ZEN+ : Simple, Direct, Effective : ZEN+ Benefits

Turns out I was wrong about this…

By Marcus Santer

Back in September 2013 I asked you how you’d like two minutes with Wonder Woman?

It was based on research that claimed how adopting Power Poses or high status gestures was a proven way to:

In just two minutes.

Well, new research just out contradicts most of that.

Scientists from the University of Zurich [1] found adopting a power pose will still help you to feel more powerful and confident. And in a stressful situation like a job interview for example, that’s a good thing.

But they refute the claims that power poses affect testosterone or cortisol levels.

So power poses aren’t a total bust.

Though I did think twice about sharing this research with you because I didn’t want to appear wrong.

And then I thought how crazy that was.

Because my job is to share with you the best – backed up by science – tools I can find that help you to live a longer, healthier and happier life.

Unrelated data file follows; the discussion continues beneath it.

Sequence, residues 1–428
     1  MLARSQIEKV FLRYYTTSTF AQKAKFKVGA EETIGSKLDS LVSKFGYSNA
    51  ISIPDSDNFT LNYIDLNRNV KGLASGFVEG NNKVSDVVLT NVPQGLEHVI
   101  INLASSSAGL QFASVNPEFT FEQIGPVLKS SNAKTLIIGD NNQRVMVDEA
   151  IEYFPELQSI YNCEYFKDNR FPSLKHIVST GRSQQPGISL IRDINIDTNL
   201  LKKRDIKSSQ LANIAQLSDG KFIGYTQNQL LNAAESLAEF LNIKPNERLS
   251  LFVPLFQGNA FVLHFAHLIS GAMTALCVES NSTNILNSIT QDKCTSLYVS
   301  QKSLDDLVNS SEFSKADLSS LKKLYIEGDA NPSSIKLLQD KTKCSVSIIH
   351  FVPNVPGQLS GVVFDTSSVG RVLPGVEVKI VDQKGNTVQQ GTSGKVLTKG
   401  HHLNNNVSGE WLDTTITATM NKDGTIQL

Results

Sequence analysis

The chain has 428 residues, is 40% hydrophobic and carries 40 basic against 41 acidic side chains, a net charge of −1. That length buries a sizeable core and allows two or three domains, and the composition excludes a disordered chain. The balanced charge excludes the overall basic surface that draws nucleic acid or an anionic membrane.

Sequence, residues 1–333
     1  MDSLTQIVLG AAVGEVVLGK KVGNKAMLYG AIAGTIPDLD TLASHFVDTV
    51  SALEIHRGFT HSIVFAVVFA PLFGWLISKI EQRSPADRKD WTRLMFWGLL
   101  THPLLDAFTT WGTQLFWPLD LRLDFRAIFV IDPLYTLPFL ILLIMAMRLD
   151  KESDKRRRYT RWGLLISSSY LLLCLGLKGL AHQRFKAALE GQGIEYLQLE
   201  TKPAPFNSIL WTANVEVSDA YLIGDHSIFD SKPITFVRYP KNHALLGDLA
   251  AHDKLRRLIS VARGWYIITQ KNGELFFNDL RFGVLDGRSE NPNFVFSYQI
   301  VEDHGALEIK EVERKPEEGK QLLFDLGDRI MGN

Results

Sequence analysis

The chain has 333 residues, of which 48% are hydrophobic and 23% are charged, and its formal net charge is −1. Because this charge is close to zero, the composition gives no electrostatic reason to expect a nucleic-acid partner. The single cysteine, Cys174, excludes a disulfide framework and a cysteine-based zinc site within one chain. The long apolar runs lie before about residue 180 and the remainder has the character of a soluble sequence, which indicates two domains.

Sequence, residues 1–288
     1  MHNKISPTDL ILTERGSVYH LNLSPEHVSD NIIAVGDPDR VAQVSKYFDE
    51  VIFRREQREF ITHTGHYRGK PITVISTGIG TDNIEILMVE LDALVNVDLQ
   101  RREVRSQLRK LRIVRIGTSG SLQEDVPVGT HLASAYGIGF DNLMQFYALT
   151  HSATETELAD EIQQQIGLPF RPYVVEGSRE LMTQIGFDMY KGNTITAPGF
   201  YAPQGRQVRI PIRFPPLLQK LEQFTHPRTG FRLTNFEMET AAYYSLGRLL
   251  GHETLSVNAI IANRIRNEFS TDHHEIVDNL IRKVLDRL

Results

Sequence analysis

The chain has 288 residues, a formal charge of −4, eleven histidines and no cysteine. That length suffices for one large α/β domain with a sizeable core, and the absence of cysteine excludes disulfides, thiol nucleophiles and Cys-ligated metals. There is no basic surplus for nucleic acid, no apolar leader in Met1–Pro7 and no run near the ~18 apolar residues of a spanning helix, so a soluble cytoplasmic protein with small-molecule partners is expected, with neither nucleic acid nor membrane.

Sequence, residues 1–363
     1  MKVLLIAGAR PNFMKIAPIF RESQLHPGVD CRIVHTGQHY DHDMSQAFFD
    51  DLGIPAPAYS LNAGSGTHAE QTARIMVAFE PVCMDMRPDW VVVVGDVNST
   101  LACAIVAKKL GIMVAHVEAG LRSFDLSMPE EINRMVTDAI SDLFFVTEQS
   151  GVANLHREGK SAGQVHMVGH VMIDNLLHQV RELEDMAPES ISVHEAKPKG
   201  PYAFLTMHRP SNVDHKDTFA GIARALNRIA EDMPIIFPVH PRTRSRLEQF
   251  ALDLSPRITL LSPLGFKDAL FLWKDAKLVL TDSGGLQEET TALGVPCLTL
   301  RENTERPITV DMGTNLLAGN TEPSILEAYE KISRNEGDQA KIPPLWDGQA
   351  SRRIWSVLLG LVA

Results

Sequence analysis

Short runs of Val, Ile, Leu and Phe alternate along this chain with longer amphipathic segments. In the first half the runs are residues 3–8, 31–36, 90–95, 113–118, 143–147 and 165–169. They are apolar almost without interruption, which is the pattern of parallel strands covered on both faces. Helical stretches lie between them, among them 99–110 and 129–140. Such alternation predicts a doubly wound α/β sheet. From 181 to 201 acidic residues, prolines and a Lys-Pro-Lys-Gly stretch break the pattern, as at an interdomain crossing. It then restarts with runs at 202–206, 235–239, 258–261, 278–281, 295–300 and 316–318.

To live and age well.

And if new evidence undermines my previous findings I have a duty to let you know.

That’s called being scientific.

Because science is always in flux and always being updated.

So my best current understanding (a phrase you’re going to start hearing a lot around here) about power poses is they are still helpful when you need a self confidence boost.

But they’re not going to effect your hormones.

Though if you practice a ZEN+ lifestyle you’ve still got:

To help you manage your fight or flight and rest, repair and build modes.

And if you haven’t got your copy of the ZEN+ book yet, you can take care of that right now by…

–> Clicking Here <--- Bye for now Marcus P.S. I’ve learned a very valuable lesson from this experience.

To be careful when being so certain about science.

I used to think being uncertain was a bad thing, but now I realise it reflects the tentative nature of science and helps to keep me humble.

All good things.

I’m going to have to start using a new dictionary =)


[1] E. Ranehill, A. Dreber, M. Johannesson, S. Leiberg, S. Sul, R. A. Weber. Assessing the Robustness of Power Posing: No Effect on Hormones and Risk Tolerance in a Large Sample of Men and Women. Psychological Science, 2015